skip to main content

Title: A genomic catalog of Earth’s microbiomes
Abstract The reconstruction of bacterial and archaeal genomes from shotgun metagenomes has enabled insights into the ecology and evolution of environmental and host-associated microbiomes. Here we applied this approach to >10,000 metagenomes collected from diverse habitats covering all of Earth’s continents and oceans, including metagenomes from human and animal hosts, engineered environments, and natural and agricultural soils, to capture extant microbial, metabolic and functional potential. This comprehensive catalog includes 52,515 metagenome-assembled genomes representing 12,556 novel candidate species-level operational taxonomic units spanning 135 phyla. The catalog expands the known phylogenetic diversity of bacteria and archaea by 44% and is broadly available for streamlined comparative analyses, interactive exploration, metabolic modeling and bulk download. We demonstrate the utility of this collection for understanding secondary-metabolite biosynthetic potential and for resolving thousands of new host linkages to uncultivated viruses. This resource underscores the value of genome-centric approaches for revealing genomic properties of uncultivated microorganisms that affect ecosystem processes.
Authors:
; ; ; ; ; ; ; ; ; ; ; ; ; ; ; ; ; ; ; more » ; ; ; ; ; ; ; ; ; ; ; « less
Award ID(s):
1831952 1826734
Publication Date:
NSF-PAR ID:
10205018
Journal Name:
Nature Biotechnology
ISSN:
1087-0156
Sponsoring Org:
National Science Foundation
More Like this
  1. Jansson, Janet K. (Ed.)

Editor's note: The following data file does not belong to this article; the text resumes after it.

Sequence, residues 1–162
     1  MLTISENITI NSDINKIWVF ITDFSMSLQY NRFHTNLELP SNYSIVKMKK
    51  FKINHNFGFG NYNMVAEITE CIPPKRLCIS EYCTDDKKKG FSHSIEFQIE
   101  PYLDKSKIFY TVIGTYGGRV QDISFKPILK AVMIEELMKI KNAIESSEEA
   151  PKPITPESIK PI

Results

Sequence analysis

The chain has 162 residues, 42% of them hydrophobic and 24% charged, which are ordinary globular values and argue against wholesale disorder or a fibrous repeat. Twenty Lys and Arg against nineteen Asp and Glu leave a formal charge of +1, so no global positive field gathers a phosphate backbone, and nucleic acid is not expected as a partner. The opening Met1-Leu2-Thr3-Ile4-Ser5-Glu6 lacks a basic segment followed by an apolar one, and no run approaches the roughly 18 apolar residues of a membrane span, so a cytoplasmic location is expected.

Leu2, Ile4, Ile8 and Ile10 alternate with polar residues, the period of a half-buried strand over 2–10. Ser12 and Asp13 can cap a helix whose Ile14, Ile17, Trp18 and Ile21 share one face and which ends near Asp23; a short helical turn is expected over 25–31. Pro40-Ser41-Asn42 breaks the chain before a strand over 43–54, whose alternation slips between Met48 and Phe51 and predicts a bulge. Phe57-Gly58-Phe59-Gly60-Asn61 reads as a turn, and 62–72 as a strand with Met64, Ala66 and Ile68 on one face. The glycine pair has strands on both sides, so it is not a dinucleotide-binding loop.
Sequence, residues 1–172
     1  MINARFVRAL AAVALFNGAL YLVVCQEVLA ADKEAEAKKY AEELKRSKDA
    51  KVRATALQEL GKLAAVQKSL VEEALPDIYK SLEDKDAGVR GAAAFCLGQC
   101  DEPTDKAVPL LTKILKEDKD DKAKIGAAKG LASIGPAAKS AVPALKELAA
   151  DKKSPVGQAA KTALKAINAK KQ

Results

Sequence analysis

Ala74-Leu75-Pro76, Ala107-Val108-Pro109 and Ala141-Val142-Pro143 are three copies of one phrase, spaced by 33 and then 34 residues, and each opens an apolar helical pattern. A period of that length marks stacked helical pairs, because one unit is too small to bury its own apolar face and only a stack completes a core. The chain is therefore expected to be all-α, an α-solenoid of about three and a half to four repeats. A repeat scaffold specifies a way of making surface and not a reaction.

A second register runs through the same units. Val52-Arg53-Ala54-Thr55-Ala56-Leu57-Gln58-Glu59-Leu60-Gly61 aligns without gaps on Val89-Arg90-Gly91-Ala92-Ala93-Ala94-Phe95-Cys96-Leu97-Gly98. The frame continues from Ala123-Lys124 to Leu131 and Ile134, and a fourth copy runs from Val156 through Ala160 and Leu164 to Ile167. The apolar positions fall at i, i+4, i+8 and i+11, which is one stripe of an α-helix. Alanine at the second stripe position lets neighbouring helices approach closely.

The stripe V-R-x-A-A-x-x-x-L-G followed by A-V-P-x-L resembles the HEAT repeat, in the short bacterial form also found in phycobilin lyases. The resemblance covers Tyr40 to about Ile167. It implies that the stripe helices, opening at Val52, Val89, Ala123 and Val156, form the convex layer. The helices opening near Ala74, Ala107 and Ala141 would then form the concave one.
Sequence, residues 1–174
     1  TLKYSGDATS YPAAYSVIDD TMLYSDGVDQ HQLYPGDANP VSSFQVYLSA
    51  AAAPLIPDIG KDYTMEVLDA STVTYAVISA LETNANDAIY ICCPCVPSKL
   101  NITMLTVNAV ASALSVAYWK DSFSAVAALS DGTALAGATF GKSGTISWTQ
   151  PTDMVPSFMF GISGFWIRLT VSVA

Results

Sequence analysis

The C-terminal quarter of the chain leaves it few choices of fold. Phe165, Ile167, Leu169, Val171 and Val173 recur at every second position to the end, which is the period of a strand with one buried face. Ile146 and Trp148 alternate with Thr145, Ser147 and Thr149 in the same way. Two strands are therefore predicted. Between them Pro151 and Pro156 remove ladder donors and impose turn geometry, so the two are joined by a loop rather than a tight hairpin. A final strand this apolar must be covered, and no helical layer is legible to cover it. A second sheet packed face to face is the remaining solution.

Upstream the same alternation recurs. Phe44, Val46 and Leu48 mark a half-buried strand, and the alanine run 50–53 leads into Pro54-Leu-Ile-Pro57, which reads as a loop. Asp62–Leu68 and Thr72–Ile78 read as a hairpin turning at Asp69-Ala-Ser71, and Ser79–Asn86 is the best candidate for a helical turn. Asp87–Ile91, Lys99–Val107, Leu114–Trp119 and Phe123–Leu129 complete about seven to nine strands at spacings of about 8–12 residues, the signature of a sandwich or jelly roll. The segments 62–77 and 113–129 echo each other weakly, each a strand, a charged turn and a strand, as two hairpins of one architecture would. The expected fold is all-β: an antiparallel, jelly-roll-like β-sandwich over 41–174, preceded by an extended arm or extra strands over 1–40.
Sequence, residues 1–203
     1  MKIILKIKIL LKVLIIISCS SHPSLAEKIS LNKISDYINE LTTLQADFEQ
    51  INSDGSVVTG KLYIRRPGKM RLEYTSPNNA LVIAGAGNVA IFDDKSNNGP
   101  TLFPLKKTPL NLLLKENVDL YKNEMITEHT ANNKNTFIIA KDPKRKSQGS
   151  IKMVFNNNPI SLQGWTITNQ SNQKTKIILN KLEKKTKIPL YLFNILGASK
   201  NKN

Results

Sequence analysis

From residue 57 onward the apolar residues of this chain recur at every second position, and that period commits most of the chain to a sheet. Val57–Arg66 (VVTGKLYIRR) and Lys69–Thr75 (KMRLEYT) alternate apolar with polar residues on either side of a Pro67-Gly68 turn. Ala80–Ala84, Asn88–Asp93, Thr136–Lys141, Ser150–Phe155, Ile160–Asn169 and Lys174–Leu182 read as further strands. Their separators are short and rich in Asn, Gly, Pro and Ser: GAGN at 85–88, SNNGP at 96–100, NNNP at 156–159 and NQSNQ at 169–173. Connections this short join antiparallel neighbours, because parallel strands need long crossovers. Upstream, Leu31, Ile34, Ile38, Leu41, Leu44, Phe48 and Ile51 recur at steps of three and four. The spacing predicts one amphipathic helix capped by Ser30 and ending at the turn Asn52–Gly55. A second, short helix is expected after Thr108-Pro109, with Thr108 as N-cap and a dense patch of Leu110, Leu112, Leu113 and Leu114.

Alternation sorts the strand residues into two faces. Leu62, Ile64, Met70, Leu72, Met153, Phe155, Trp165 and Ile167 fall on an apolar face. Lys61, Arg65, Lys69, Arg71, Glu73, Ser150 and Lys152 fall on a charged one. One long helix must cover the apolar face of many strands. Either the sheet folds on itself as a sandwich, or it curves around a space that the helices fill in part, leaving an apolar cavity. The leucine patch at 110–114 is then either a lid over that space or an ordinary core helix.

ABSTRACT Soil ecosystems harbor diverse microorganisms and yet remain only partially characterized as neither single-cell sequencing nor whole-community sequencing offers a complete picture of these complex communities. Thus, the genetic and metabolic potential of this “uncultivated majority” remains underexplored. To address these challenges, we applied a pooled-cell-sorting-based mini-metagenomics approach and compared the results to bulk metagenomics. Informatic binning of these data produced 200 mini-metagenome assembled genomes (sorted-MAGs) and 29 bulk metagenome assembled genomes (MAGs). The sorted and bulk MAGs increased the known phylogenetic diversity of soil taxa by 7.2% with respect to the Joint Genome Institute IMG/M database and showed clade-specific sequence recruitment patterns across diverse terrestrial soil metagenomes. Additionally, sorted-MAGs expanded the rare biosphere not captured through MAGs from bulk sequences, exemplified through phylogenetic and functional analyses of members of the phylum Bacteroidetes . Analysis of 67 Bacteroidetes sorted-MAGs showed conserved patterns of carbon metabolism across four clades. These results indicate that mini-metagenomics enables genome-resolved investigation of predicted metabolism and demonstrates the utility of combining metagenomics methods to tap into the diversity of heterogeneous microbial assemblages. IMPORTANCE Microbial ecologists have historically used cultivation-based approaches as well as amplicon sequencing and shotgun metagenomics to characterize microbial diversity in soil. However,more »challenges persist in the study of microbial diversity, including the recalcitrance of the majority of microorganisms to laboratory cultivation and limited sequence assembly from highly complex samples. The uncultivated majority thus remains a reservoir of untapped genetic diversity. To address some of the challenges associated with bulk metagenomics as well as low throughput of single-cell genomics, we applied flow cytometry-enabled mini-metagenomics to capture expanded microbial diversity from forest soil and compare it to soil bulk metagenomics. Our resulting data from this pooled-cell sorting approach combined with bulk metagenomics revealed increased phylogenetic diversity through novel soil taxa and rare biosphere members. In-depth analysis of genomes within the highly represented Bacteroidetes phylum provided insights into conserved and clade-specific patterns of carbon metabolism.« less